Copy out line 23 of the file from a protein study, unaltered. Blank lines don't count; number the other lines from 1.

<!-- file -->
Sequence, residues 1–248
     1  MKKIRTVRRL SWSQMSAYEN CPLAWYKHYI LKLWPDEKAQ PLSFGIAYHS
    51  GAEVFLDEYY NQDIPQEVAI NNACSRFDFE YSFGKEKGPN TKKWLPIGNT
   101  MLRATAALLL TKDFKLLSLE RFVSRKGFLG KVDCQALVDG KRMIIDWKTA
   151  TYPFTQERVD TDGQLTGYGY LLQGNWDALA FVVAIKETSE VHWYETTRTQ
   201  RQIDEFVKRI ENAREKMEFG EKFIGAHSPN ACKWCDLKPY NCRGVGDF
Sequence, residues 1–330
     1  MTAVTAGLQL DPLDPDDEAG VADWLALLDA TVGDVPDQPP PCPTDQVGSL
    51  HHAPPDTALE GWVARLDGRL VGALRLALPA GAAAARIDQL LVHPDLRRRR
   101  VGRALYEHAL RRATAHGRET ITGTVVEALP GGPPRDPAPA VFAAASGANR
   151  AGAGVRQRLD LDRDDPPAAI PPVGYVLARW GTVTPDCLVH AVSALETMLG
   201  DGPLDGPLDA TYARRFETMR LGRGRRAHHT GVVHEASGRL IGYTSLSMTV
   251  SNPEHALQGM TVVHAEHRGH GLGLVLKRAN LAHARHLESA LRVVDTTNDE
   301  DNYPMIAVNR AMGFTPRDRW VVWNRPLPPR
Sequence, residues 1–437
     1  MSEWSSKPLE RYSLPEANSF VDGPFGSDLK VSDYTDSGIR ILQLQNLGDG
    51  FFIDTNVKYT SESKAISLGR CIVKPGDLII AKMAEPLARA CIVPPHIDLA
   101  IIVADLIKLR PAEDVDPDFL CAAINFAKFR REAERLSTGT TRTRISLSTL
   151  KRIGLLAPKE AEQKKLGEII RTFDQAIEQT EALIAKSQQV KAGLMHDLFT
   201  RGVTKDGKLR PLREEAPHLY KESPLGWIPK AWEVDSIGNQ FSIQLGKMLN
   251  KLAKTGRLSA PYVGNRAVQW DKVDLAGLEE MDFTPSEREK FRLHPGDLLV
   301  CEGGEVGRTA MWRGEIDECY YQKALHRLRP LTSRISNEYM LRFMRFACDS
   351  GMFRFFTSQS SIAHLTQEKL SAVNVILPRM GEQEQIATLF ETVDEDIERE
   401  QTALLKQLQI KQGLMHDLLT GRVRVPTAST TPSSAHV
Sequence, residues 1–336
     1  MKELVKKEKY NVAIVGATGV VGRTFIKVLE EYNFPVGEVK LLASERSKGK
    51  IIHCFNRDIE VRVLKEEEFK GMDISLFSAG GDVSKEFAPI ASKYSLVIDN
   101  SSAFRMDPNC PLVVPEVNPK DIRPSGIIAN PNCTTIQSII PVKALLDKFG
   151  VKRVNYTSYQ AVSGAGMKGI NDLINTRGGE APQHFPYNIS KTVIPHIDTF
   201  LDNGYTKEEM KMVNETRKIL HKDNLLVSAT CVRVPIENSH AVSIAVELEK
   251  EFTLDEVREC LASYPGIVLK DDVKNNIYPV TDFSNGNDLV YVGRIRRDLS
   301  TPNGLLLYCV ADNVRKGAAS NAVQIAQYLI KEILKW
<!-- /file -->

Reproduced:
   351  GMFRFFTSQS SIAHLTQEKL SAVNVILPRM GEQEQIATLF ETVDEDIERE